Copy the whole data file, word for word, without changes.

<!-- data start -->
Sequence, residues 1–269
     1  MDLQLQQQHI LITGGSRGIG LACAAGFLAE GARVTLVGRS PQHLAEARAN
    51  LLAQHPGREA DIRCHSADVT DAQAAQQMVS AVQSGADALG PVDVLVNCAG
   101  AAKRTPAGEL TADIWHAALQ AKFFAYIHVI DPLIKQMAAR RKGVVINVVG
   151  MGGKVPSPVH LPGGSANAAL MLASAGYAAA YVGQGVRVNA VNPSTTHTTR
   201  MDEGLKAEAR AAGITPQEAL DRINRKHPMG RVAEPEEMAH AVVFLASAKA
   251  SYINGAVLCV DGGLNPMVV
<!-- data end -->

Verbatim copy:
Sequence, residues 1–269
     1  MDLQLQQQHI LITGGSRGIG LACAAGFLAE GARVTLVGRS PQHLAEARAN
    51  LLAQHPGREA DIRCHSADVT DAQAAQQMVS AVQSGADALG PVDVLVNCAG
   101  AAKRTPAGEL TADIWHAALQ AKFFAYIHVI DPLIKQMAAR RKGVVINVVG
   151  MGGKVPSPVH LPGGSANAAL MLASAGYAAA YVGQGVRVNA VNPSTTHTTR
   201  MDEGLKAEAR AAGITPQEAL DRINRKHPMG RVAEPEEMAH AVVFLASAKA
   251  SYINGAVLCV DGGLNPMVV